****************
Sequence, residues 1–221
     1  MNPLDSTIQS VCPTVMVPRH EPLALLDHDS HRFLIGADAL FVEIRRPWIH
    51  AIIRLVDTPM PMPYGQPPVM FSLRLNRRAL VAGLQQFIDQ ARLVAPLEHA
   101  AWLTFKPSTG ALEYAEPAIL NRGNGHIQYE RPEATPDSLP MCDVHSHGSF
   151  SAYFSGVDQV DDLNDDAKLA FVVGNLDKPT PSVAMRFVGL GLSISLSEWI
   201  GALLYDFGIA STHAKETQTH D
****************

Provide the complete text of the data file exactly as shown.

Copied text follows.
Sequence, residues 1–221
     1  MNPLDSTIQS VCPTVMVPRH EPLALLDHDS HRFLIGADAL FVEIRRPWIH
    51  AIIRLVDTPM PMPYGQPPVM FSLRLNRRAL VAGLQQFIDQ ARLVAPLEHA
   101  AWLTFKPSTG ALEYAEPAIL NRGNGHIQYE RPEATPDSLP MCDVHSHGSF
   151  SAYFSGVDQV DDLNDDAKLA FVVGNLDKPT PSVAMRFVGL GLSISLSEWI
   201  GALLYDFGIA STHAKETQTH D